I know we are beating this to death, but it is a topic that I think deserves
No matter which way we go with alternatives we run into conflicts or the
actual term Single Point Ground ( SPG) which requires a definition.
>>Sometimes these alternatives are all that can be done at a particular site
>>but they are not "single point ground systems" and should not be called
> ------------ REPLY FOLLOWS ------------
> My point exactly. In English, the word "single" has a specific
> meaning. If you have more than one ground point but you use the word
Here we have to be careful and remember the ground point is where the
equipment ties into the ground system.
> "single", you are confusing the issue. There is nothing wrong with
> saying "Double Point Ground" or "Multiple Point Ground" or "Multiple
> Ground Points".
Except they do not convey the concept of a single point ground If that is
First we need to think of "ground" as a "system" of wire and ground rods.
Unless it's the only ground rod, each ground rod doens't represent a "ground
point" as it is no more than an *extension* of a grounding network or
system. By themselves, the service entrance, phone line(s), antennas, and
cable each represent a ground point where they enter the home which in this
case would be 4 ground points. If allowed to remain seperate the equipment
tied to them can rise to different potentials (sometimes drastically
different) from a nearby or direct lightning strike. Generally, codes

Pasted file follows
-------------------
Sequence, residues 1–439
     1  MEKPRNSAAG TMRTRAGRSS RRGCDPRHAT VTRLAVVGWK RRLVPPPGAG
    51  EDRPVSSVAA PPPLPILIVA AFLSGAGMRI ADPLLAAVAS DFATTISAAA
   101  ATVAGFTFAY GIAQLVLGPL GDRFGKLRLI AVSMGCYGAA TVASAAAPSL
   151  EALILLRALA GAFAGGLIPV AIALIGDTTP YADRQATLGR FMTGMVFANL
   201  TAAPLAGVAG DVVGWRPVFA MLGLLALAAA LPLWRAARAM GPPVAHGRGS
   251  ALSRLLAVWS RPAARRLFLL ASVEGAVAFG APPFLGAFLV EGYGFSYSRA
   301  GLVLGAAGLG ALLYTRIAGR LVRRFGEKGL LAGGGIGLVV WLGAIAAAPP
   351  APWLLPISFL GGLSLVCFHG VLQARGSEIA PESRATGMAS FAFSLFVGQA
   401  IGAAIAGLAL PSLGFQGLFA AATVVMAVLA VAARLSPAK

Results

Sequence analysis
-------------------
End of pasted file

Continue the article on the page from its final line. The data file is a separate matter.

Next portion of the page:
require all of these be tied together to form one single system. Even metal
water and gas lines are required to be tied into this system.
My satellite receivers have a ground to the AC mains, but they also have a
telephone line, antenna(2), and cable connection. This is not a good thing
as it is one of the reasons for damage caused by nearby lightning strikes.
In those satellite receivers I'd have 4 systems coming in that are seperated
by a lot of fragile and expensive components. From an engineering approach
one point on this system needs to be selected to which all equipment grounds
are tied. This single point then becomes the "Single Grounding Point" for
all of the electrical equipment. Hence the term, Single Point Ground. The
problem with this term has been well covered, but any of the proposed
alternatives mean something else. OTOH if a station, or home doesn't have a
SPG then call it what it is.
A home, or shop my have multiple grounds such as the electrical, phone,
antennas, and cable. These grounds all need to be tied together to create
"one ground system". If they all tie together at one point such as the
bulkhead and all equipment is grounded to that point then each, or rather
all the equipment sees the entire ground system as one single point.
Refering to more than one ground point could be interpeted as each piece of
equipment such as the electrical mains, telephone, antennas, and radio as
having their own indivicual grounds and that is we are tying to avoid.
"Common point ground" also has a problem as there is a point where an
electrical system "common" is grounded.
> Please call it what it is.
That's the problem. Finding a term that really means the grounds for
everything are tied to one single point which is the goal.
> Bill W6WRT
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